The People's Perspective on Medicine

What Is the Best Time to Take Synthroid?

Synthroid 50 mcg

Thyroid problems are extremely common, with about 12 percent of the American population affected by one at some point during their lives (American Thyroid Association). Since an underactive thyroid gland is by far the most prevalent of the problems that afflict the thyroid, it is little wonder that millions of people are taking levothyroxine (Levothroid, Levoxyl, Synthroid), a thyroid hormone intended to supplement or replace the inadequate production of the thyroid gland. But there is plenty of confusion about how to take this medication. It has a number of possible interactions that can make it tricky to find the best time to take Synthroid.

The Best Time to Take Synthroid:

Q. I’ve been told to take my Synthroid first thing in the morning, but I’ve read that coffee interferes with its absorption. I hate waiting an hour after I get up before I have my coffee or breakfast. Is this really necessary?

A. Levothyroxine is better absorbed when you have not eaten (Journal of Clinical Endocrinology and Metabolism, Oct., 2009). That is probably the basis for the usual admonition to take this pill first thing in the morning. But that is not always the best time to take Synthroid. Food, dietary supplements and coffee can interfere with its absorption (Thyroid, March, 2008). As a result, the most conscientious patients may end up like you, rising an hour before breakfast time and stumbling through that hour before enjoying the first sip of steaming coffee.

Try Another Time:

Taking your Synthroid at bedtime is effective and you don’t need to worry about coffee (Archives of Internal Medicine, Dec. 13/27, 2010).  Of course, you’ll want to make sure you haven’t eaten for at least an hour, or preferably longer, but that is beneficial for lowering the likelihood of nighttime reflux so you’d want to do that anyway.

Other readers have found it helpful to switch to taking Synthroid at bedtime. One person wrote:

“I’ve been taking levothyroxine for years and have felt crappy the whole time. I could barely drag myself out of bed. Trying to take my thyroid medicine on an empty stomach and wait an hour before eating or drinking was really inconvenient.

“After reading on your website that thyroid could be taken at night I feel liberated. My days are normal again. Since I’m taking my vitamins, minerals and tea earlier, I’m not having trouble sleeping anymore and I don’t wake up feeling exhausted. My energy is back.”

Be Consistent:

The most important thing to remember about taking Synthroid or any other thyroid hormone is to be consistent. Even taking your pill with breakfast can work, so long as you do it every day and your breakfast time doesn’t vary too much. If you are consistent, your doctor will adjust the dose so that it is appropriate for your usual regimen.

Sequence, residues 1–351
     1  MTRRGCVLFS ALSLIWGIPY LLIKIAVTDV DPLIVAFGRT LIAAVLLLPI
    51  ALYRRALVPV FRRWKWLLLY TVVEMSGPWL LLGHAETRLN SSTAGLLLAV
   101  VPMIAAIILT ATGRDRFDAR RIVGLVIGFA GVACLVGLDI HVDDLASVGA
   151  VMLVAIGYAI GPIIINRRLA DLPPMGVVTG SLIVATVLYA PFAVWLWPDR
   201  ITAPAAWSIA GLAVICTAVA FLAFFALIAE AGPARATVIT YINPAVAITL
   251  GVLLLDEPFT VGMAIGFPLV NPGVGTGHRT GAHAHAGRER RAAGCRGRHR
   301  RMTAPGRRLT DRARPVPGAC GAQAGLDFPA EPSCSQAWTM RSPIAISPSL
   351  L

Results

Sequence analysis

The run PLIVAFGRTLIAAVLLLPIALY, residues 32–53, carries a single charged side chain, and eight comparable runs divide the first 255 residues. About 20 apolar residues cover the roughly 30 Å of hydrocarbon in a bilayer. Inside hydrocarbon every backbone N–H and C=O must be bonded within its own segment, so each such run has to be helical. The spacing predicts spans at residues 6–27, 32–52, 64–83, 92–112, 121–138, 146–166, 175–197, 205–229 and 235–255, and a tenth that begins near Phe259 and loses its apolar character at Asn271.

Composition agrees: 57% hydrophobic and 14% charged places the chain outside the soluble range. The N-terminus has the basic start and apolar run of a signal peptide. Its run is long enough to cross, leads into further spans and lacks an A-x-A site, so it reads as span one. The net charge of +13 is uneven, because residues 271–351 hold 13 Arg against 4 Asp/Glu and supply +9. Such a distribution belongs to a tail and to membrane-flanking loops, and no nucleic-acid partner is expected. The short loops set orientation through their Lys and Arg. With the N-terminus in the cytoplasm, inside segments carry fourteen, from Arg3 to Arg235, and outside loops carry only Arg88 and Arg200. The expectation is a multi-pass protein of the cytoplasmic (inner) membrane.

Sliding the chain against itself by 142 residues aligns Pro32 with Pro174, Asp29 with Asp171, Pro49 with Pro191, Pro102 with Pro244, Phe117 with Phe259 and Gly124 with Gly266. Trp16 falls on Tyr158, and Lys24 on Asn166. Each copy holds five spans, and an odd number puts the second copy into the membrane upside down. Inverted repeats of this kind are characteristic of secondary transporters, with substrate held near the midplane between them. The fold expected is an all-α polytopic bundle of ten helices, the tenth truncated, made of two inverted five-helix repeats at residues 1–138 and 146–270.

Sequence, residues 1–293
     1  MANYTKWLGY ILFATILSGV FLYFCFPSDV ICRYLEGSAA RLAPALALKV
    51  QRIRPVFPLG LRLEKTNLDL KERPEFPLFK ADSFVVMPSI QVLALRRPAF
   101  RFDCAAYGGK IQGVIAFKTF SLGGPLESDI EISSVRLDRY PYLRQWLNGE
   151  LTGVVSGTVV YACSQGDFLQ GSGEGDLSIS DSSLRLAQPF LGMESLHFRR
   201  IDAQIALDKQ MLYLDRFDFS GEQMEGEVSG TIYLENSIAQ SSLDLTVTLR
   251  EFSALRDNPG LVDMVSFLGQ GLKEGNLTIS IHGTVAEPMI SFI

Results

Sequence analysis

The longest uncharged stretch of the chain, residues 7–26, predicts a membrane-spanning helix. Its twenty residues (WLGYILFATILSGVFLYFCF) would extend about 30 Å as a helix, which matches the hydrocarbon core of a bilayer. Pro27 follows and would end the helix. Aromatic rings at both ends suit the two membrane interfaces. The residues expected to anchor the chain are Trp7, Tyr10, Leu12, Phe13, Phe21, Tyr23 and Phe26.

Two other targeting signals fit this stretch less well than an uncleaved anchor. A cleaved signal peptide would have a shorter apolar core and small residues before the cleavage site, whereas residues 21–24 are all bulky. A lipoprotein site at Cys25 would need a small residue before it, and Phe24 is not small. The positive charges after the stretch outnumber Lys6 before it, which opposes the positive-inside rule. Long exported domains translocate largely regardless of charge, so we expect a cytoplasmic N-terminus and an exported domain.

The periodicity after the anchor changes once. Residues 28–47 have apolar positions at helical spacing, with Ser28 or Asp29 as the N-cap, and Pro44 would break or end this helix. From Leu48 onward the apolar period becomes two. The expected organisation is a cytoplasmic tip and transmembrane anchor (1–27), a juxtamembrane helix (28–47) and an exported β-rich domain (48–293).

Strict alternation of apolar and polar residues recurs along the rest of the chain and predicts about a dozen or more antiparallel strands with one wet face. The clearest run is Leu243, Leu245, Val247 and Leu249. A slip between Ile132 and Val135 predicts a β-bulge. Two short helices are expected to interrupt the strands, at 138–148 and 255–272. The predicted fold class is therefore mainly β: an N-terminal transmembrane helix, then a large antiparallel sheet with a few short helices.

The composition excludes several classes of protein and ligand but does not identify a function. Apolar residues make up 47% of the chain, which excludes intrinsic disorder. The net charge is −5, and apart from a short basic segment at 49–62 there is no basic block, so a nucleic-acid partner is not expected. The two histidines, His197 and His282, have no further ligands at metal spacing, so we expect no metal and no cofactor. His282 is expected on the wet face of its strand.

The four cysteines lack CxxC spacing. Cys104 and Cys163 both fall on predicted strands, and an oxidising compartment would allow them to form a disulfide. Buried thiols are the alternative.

It is better to avoid taking Synthroid at the same time as some supplements you might be swallowing with your morning juice: both iron and calcium can reduce the absorption of the hormone. It is also better not to take Synthroid or other versions of levothyroxine with a high-fiber breakfast such as bran muffins or bran flakes cereal.

You can learn more about optimizing your treatment for hypothyroidism in our downloadable 25-page Guide to Thyroid Hormones.

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    About the Author
    Terry Graedon, PhD, is a medical anthropologist and co-host of The People’s Pharmacy radio show, co-author of The People’s Pharmacy syndicated newspaper columns and numerous books, and co-founder of The People’s Pharmacy website. Terry taught in the Duke University School of Nursing and was an adjunct assistant professor in the Department of Anthropology. She is a Fellow of the Society of Applied Anthropology. Terry is one of the country's leading authorities on the science behind folk remedies. .
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    I have been on Levothyroxine since July 2017 .25 mcg. I love coffee in the morning. I stop eating at 7 p.m. and take my Levothyroxine between 1-2 a.m. when I get up in the middle of the night to use bathroom. (an every night occurance) This works perfectly for me. My Dr. just increased my dosage to 50 mcg. I feel better than I have in YEARS… Stick with it if you can. I was discouraged at first, low energy, no sleep, lethargic… but all that has changed. I am thankful for this medication!

    After reading these comments I’m going to try taking my Syntroid in the middle of the night. My MD increased my dosage starting at 25 then to 50 and now 75. 25 wasn’t enough med for me but I could sleep at least. Now I can’t but maybe I should give it time? The increase to 75 is only 8 days.

    I read this article and I have decided to stick with taking it before bed!

    I guess everyones body is different so if it works for you how you take it then fantastic! I tend to listen to my body and how it reacts so therefore I will stick to my routine which is taking it early in the morning everyday with water and wait at least an hour to eat breakfast. My Endo told me to take my supplements after lunch so that it doesn’t interfere with Synthroid.

    Just starting reading articles on taking synthroid at night so I asked my provider about this. They consulted with the pharmacist who relayed pretty much everything that was outlined here. Taking it at night might also curb those unnecessary late night food binges. I’m going to start doing mine like this very soon.

    Well, I am happy to read these comments, but have come to the conclusion that it works differently for different people.

    At 77, I have terrible insomnia, and I finally decided not to take my synthroid upon going to bed. Well, we shall see. Last nite was the first nite I did not take it at nite and slept much more soundly than I have in a year. I have been on this pill for twenty years.

    One thing to let people know, and something my Dr. did not know, is if your thyroid medicine is too high a dosage, it can cause heart palpitations and irregular heartbeat. My Dr. kept telling me I had an irregular heartbeat, but not to worry. Well, I did worry, and finally Googled it, and found out that an overdose can cause an irregular heartbeat. I called my pharmacist, and he said that was correct. I printed out the side effects and insisted my Dr, lower my dosage. Once it was lowered, I never had to have an ekg again for irregular heartbeat. Drs cannot possibly know all the side effects of drugs, so one must be a self-advocate.